§ Mr. Abse
Will my right hon. Friend clarify his reply to my hon. Friend the Member for Holborn and St. Pancras, South (Mrs. Lena Jeger)? Is he aware that there are 250,000 permanently cohabiting couples whose expectations of marriage and the legitimising of their children depend upon the answer? Since we have had so many talks between the sponsors and the Leader of the House, is it not wrong that these expectations should be cruelly raised again, as they have been on three occasions in the past?
§ Mr. Maclennan
Is my right hon. Friend entirely satisfied that the practice of announcing the subject of Supply debates only four days before the debates occur is satisfactory, especially in view of the capricious and highly selective approach that the Opposition show to 744 important subjects such as the development of the Scottish economy?
§ Mr. R. Carr
Will the Leader of the House ask his right hon. Friend the Secretary of State for Employment and Productivity whether she will make a statement next week on her action in making such hasty use of the new Prices and Incomes Act in relation to the busmen—especially in view of the fact that this is contrary to the spirit of the assurances given in Committee during our debates on the Bill.
§ Mr. James Hamilton
Will my right hon. Friend give serious thought to the point made by my hon. Friend the Member for Fife, West (Mr. William Hamilton), who asked whether the question of higher education in Scotland could be given another day? This matter was farcically vetoed because of the irresponsible action of hon. Members opposite. It is very important to the people of Scotland. Will my right hon. Friend reconsider his answer?
§ Mr. Marten
Since the Leader of the House did not tell us that the House is to rise on 28th July, can he say when he will tell us?
§ Dr. David Kerr
Will my right hon. Friend bear in mind that the excellent record of the Labour Government in social administration is in danger of being marred if we do not get further immediate progress on the Divorce Reform Bill? Will he, when he speaks to the sponsors of the Bill remember that not giving time is as much an act of political wisdom or unwisdom as giving time?
§ Mr. David Howell
The Prime Minister said that he would name a Minister who would answer specific questions arising from the implementation of the Fulton Committee's recommendations.
745 Can the Leader of the House find out who it will be?
§ Mr. Frank Allaun
Is my right hon. Friend aware that there will be deep dissatisfaction with the answer that he has given to my hon. Friend the Member for South Shields (Mr. Blenkinsop) about the debate on the White Paper, Old Houses into New Homes? Will it take place the following week? If not, does not it mean that although we were promised that this White Paper was for discussion purposes we shall have legislation in the autumn with no previous discussion in Parliament having taken place?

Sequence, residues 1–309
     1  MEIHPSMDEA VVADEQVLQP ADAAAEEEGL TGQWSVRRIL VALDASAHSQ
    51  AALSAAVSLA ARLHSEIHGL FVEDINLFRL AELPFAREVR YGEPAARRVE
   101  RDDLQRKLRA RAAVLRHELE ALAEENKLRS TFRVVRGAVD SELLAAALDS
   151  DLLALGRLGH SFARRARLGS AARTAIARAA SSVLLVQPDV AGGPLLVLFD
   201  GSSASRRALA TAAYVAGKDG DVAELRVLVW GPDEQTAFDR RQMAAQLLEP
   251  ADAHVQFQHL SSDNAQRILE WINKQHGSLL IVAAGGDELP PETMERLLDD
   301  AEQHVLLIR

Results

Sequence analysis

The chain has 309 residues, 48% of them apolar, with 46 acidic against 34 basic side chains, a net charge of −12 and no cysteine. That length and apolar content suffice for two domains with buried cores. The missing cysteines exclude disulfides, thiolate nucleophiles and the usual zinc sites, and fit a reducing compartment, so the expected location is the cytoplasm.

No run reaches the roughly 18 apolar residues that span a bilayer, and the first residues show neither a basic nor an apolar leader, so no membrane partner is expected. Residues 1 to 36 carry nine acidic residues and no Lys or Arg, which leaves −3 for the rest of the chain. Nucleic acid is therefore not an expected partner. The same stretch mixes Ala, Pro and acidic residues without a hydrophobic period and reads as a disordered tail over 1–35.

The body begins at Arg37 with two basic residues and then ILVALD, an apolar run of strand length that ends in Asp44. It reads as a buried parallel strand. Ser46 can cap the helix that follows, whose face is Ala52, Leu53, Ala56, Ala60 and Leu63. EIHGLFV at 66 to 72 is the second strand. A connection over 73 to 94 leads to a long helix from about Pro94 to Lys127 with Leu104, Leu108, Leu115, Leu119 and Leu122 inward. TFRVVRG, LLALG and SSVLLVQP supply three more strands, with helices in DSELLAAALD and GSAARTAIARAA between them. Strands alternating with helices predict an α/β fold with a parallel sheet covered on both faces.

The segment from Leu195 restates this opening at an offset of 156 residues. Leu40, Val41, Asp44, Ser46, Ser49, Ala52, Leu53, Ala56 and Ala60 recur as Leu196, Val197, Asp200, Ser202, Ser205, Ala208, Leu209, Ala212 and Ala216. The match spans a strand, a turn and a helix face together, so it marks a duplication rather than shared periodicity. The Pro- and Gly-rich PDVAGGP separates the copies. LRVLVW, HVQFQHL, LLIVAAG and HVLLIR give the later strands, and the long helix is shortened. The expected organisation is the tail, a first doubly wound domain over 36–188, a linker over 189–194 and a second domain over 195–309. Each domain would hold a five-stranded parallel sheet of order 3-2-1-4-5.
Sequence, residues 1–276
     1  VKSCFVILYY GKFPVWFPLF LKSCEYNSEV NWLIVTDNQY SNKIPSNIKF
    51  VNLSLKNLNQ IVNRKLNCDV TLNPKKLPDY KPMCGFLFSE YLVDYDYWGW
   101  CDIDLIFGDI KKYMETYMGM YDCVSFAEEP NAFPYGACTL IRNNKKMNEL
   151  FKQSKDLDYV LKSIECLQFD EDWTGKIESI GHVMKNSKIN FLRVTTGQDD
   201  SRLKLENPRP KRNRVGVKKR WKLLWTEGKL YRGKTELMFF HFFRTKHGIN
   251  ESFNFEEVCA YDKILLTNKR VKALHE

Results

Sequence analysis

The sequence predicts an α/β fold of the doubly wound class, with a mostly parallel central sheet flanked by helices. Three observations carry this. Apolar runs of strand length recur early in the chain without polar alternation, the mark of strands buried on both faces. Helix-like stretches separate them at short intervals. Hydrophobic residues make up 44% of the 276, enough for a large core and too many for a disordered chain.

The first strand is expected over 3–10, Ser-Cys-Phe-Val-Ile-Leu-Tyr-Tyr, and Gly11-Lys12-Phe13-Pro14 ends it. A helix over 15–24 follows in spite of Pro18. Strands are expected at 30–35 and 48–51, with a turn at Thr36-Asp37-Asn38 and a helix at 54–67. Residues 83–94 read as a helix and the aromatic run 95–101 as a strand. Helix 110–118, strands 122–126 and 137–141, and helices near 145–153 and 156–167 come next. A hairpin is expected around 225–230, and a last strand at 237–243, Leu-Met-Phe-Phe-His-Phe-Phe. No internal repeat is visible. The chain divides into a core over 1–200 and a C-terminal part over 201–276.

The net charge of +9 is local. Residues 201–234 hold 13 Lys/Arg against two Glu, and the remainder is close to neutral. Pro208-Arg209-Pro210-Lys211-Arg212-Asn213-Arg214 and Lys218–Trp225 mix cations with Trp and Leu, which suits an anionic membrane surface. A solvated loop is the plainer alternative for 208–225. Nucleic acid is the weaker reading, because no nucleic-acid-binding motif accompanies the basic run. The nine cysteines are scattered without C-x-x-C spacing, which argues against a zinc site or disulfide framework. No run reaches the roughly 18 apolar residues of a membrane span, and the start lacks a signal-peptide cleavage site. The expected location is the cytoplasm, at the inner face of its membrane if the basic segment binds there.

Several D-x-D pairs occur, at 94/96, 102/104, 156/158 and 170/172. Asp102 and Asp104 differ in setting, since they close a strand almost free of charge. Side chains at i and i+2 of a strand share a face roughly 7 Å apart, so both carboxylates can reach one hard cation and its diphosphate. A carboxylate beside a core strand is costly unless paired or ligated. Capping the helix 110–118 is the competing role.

§ Sir S. Summers
In view of the fact that the Leader of the House has made no statement about the rising of the House, ought we to assume that it is is expected to sit into August?
§ Mr. Hugh Jenkins
Is my right hon. Friend aware that many hon. Members on both sides of the House are disturbed by the fact that we get insufficient time to debate specific issues of foreign affairs? In reference to the debate next week, will he consider having a series of days on foreign affairs as soon as possible? We are debarred from debating many very important issues because there is not enough time.
§ Sir D. Walker-Smith
Will the Leader of the House lend a more sympathetic and attentive ear to the pleas that have been made about a debate on the White Paper, Old Houses Into New Homes? Does he appreciate that many human problems arise out of this, on which the Government should have the benefit of the views of hon. Members before formulating any legislative proposals for the coming Session?
§ Mr. Leadbitter
Is my right hon. Friend aware that it is a considerable time since we discussed the question of shipping and the shipbuilding industry? We are anxious to discuss many outstanding problems. Is my right hon. Friend further aware that a grave situation is developing, especially in the North-East? Can he promise time to debate this important matter?
Mr. Gresham Cooke
In reference to the Reports of the Estimates Committee, does the Leader of the House recall that he gave a firm promise that there would be a day for a debate on the Report on Prisons? Are we likely to have it before the Recess?
§ Mr. Hector Hughes
With reference to the Scottish regiments, does my right hon. Friend realise that his announcement of a debate on Monday will be received with appreciation in Scotland, on the assumption that the result is not a foregone conclusion that the regiments will be disbanded?
§ Mr. Cordle
In view of the situation now prevailing in Nigeria, can the Leader of the House give time for a debate on that country?
§ Mr. James Davidson
On the point just raised, may I ask whether, in view of the imminent disaster in Biafra and the general interest of the House in what is going on there, and especially in the findings of the Hunt mission, the right 747 hon. Gentleman can tell us whether the Secretary of State for Commonwealth Affairs will be making a statement next week?
§ Mrs. Renée Short
Is my right hon. Friend aware that he is being very unhelpful to the Estimates Committee in two ways? Has he forgotten that he or his predecessor originally gave us a whole day for the debate on the Report on Prisons, which we had to give up for the immigration debate? Is he further aware that his refusal to announce the date of the rising of the House makes it extremely difficult for us to plan the final sittings of the Estimates Sub-Committee, as we have witnesses due to appear before the Committee? Will he reconsider his decision and announce a date now, and also tell us when we shall be able to debate the Report?